The New Jersey Department of Environmental Protection’s (DEP) new initiative to crack down on illegal dumping in state parks and lands has yielded two more arrests and a warrant for a third arrest, all related to illegal dumping at Leonardo State Marina in Middletown Township (Monmouth County).
The DEP’s “Don’t Waste Our Open Space” campaign was launched in late March. Since the launch, investigations of illegal dump sites on state properties by State Park Police, Division of Fish & Wildlife’s Conservation Officers and DEP’s Compliance & Enforcement personnel has resulted in 10 arrests or enforcement actions.
The program is a coordinated effort of a host of DEP agencies, including Parks, Fish & Wildlife, Solid Waste, Water Resources, State Forestry Services and the Natural Lands Trust.
Recent enforcement actions related to illegal dumping at Leonardo State Marina include:
- •Matthew Pereira, of Leonardo, was arrested and charged with illegal dumping and illegal transportation of solid waste, stemming from investigations that started in late April. According to authorities, Pereira was hired by a Hazlet resident to replace a fence and remove large amounts of construction and household debris, a large fireplace mantle and a mailbox. All of these items were located in a pile on the marina property.
Pereira, who was released on $1,500 cash bail, faces a maximum fine of $75,000. The case was investigated by State Park Police Detectives Timothy Kasony and Officers Ramin Ghaffari, Jason MacAvoy and Joshua Stinson.
- Luis Salmon, of Long Branch has an active warrant out for his arrest and has been charged with illegal dumping after his 1998 Wave Runner was found near the beach area at Leonardo State Marina, in the area of other illegally dumped piles of debris. Salmon faces a maximum fine of $35,000. Detective Kasony and Officer Ghaffardi investigated the case.
- Damien Smith, of Leonardo, has been charged with attempted illegal dumping and illegal transportation of solid waste after being found driving on the beach at Leonardo State Marina with a pick-up truck full of trash in late April. According to authorities, Smith stopped his truck in an area of previous illegal dumping activity and attempted to leave as he was observed by Officer MacAvoy, who was patrolling the marina to prevent further illegal dumping.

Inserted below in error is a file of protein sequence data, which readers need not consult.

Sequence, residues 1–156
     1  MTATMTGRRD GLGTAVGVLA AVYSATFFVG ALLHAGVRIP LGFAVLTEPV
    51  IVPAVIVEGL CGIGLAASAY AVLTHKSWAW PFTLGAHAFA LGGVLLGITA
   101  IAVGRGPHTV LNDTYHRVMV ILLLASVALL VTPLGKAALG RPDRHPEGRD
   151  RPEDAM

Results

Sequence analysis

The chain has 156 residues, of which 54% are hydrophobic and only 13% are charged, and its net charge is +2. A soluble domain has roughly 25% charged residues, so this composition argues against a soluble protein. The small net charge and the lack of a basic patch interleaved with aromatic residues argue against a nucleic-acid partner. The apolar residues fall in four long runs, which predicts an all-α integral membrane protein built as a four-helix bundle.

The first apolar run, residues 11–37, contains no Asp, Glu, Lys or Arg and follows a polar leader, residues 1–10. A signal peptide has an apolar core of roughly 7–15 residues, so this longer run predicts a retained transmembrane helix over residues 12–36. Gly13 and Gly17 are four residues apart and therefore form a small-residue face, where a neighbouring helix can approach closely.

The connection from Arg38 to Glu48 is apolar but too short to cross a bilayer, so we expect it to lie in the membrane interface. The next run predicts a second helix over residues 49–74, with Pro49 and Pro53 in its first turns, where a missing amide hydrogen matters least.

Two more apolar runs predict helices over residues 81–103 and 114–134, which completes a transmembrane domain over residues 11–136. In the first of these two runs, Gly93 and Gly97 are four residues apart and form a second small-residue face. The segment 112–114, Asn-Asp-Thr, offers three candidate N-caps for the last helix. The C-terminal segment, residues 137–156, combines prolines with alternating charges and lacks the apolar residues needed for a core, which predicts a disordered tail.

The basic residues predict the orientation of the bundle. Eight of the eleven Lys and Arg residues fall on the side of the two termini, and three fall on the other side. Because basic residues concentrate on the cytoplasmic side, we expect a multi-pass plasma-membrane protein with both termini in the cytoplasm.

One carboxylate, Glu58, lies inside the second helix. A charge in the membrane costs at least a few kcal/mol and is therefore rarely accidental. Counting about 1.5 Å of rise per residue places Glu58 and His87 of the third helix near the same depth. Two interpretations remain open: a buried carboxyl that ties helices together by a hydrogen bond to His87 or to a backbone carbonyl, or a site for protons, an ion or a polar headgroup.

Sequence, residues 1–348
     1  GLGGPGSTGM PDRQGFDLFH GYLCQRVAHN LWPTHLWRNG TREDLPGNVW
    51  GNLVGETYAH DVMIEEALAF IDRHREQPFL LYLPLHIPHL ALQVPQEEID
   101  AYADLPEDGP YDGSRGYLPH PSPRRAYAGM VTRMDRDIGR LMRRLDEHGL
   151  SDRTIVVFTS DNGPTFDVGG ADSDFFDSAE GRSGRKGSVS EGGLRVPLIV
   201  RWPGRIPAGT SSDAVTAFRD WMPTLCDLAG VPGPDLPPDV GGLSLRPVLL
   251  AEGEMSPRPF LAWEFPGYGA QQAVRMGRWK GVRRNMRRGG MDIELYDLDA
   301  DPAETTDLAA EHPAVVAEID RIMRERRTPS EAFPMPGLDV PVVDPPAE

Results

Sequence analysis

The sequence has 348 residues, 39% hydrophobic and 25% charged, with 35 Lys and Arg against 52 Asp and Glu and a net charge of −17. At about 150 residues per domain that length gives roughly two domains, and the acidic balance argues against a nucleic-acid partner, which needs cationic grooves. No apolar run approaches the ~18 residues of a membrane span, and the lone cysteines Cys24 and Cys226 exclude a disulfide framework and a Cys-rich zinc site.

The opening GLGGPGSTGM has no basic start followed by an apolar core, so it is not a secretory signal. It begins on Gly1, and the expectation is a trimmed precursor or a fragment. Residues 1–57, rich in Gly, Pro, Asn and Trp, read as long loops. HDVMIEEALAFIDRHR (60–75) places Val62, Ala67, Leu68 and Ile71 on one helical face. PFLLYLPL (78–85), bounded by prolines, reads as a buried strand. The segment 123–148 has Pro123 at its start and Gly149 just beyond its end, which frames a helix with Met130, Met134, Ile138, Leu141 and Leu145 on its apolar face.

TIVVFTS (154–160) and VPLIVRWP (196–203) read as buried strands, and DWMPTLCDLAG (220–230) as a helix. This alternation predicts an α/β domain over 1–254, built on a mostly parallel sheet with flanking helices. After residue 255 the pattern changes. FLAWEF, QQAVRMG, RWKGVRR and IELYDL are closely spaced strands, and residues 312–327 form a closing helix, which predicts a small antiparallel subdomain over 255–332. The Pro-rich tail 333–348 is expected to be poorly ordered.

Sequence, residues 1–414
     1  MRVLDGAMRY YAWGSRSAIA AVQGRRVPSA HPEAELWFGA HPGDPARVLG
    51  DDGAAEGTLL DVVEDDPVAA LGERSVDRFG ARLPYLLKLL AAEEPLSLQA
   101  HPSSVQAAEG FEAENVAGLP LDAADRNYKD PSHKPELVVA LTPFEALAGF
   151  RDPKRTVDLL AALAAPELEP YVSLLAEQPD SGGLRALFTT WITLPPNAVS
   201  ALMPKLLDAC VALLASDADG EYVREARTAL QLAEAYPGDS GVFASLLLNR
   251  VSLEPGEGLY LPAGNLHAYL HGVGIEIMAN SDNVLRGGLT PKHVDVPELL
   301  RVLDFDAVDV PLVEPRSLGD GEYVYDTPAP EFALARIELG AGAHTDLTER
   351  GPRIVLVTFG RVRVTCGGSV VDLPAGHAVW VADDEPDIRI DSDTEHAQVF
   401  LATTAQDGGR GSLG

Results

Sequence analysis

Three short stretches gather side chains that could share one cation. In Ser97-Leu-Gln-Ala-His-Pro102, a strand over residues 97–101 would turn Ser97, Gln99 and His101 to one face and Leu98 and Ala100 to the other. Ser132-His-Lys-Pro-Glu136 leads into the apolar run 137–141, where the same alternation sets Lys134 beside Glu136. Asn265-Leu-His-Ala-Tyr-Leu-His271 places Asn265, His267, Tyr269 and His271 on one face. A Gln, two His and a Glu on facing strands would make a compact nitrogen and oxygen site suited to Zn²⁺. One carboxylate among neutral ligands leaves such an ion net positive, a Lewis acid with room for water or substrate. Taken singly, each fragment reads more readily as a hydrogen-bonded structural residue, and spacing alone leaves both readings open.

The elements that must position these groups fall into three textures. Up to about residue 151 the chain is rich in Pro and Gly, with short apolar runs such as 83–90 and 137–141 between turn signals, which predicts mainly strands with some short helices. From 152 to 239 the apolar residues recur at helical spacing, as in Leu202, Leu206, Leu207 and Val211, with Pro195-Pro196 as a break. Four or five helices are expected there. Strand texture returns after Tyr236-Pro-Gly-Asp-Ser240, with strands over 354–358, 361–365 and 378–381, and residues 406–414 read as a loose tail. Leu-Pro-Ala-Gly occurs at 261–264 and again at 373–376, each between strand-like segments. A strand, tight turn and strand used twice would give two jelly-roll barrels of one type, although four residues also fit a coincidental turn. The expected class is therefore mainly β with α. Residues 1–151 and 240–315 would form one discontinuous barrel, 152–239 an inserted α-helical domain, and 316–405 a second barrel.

MacAvoy conducted a traffic stop with the assistance of the Middletown Police Department. Smith’s vehicle was impounded. Smith faces a maximum fine of $15,000 for the charges.
Strategically deployed motion-sensor cameras have been set up in select state parks and wildlife management areas to help nab violators. Information on arrests and charges filed in connection with illegal dumping will be posted on www.stopdumping.nj.gov.
The DEP is being aggressive in its pursuit of civil and criminal complaints against violators. Penalties for illegal dumping in state parks and in fish and wildlife areas will include criminal fines of up to $5,000 per violation and civil penalties of up to $1,500 per violation. In addition, the state also will seek much stiffer penalties for major violations through the Solid Waste Management Act, which authorizes the DEP and county health departments to initiate civil actions for illegal dumping
Published in the July 2014 Edition of American Recycler News